While we’re considering making healthy balanced choices with our food, most of us probably don’t give that much consideration to the very beginning of our food’s journey.
Crops grown on a large scale are frequently sprayed with pesticides and herbicides and I’ve come across some enlightening articles on the use of common pesticides and the potentially devastating effects they can have for people.
Over the years that I’ve been working in nutrition and championing non-toxic living in particular I’ve been following updates around Chlorpyrifos, sometimes referred to as the ‘Coca Cola for growers’ due to its prevalence. This pesticide is widely used in the US and other parts of the world for growing fruit, vegetables, corn, nuts and soybeans.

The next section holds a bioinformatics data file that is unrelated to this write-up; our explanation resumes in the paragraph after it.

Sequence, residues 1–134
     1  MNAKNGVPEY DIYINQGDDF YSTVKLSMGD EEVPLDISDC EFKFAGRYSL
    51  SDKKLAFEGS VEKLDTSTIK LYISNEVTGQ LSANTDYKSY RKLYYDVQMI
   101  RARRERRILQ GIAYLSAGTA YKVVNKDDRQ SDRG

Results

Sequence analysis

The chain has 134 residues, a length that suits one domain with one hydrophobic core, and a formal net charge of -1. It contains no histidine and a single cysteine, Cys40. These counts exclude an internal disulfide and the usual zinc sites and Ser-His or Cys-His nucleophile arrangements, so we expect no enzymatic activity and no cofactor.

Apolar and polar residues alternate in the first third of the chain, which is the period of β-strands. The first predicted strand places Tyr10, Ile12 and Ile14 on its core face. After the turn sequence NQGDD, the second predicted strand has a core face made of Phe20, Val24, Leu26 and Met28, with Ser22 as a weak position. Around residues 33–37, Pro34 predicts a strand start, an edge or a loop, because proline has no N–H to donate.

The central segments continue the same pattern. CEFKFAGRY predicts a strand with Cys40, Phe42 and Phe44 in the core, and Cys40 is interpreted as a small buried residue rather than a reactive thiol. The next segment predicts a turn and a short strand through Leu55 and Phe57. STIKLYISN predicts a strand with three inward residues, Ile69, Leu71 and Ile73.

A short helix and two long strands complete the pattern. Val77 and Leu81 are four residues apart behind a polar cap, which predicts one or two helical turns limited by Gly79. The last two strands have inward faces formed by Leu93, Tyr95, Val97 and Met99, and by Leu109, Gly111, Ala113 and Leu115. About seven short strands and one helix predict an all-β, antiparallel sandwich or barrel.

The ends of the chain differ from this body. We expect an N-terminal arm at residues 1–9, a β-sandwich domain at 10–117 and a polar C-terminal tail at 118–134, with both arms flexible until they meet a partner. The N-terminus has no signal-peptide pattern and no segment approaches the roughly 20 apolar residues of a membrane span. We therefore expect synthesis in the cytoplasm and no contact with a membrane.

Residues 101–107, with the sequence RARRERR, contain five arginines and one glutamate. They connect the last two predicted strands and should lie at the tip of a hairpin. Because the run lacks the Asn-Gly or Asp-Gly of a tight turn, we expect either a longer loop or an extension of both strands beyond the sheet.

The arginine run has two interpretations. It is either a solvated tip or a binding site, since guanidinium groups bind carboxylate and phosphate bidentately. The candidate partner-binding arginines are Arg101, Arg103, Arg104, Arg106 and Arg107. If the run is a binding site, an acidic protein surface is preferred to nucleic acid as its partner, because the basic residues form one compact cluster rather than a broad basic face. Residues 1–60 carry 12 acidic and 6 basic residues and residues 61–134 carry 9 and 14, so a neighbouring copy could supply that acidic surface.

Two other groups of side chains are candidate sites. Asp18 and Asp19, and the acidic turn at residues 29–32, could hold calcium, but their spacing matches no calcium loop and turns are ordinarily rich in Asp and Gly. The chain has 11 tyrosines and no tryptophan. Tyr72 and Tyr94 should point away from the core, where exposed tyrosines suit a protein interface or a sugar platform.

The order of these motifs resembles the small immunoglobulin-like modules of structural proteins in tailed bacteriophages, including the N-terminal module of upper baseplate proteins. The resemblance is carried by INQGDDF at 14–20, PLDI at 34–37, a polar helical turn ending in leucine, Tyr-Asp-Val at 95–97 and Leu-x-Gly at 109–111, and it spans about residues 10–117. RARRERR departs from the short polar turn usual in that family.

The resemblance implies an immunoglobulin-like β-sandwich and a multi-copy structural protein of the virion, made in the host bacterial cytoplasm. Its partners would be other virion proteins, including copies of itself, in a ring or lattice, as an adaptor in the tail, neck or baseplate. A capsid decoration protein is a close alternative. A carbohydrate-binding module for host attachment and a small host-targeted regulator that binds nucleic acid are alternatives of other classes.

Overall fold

This fascinating and disconcerting article from The Intercept delves into the link between Chlorpyrifos and autism, highlighting one family’s conviction that their daughter’s autism began during her mother’s pregnancy with heavy crop spraying in the fields around their home:
This Time Magazine article looks at a study of 11 pesticides, including Chlorpyrifos. The findings also highlight an increased risk of autism for the children of women who lived within a 2,000 meter radius of a highly sprayed area. It also warns of exposure through eating the produce treated with these chemicals, I’ve spoken previously about making the choice to eat organic food where possible and findings like these further support that.
I was delighted to see this recent update from Gina Solomon, Clinical Professor of Medicine at the University of California, writing for The Conversation. This pesticide, which has been in use since the mid 60’s, has finally been banned by the U.S. Environmental Protection Agency following many years of pressure from environmental groups.
With continued campaigning from organisations such as the Soil Association, I’m hopeful that governments will move away from intensive use of chemicals like these to grow our foods, making the choice to live a non-toxic lifestyle achievable for everyone.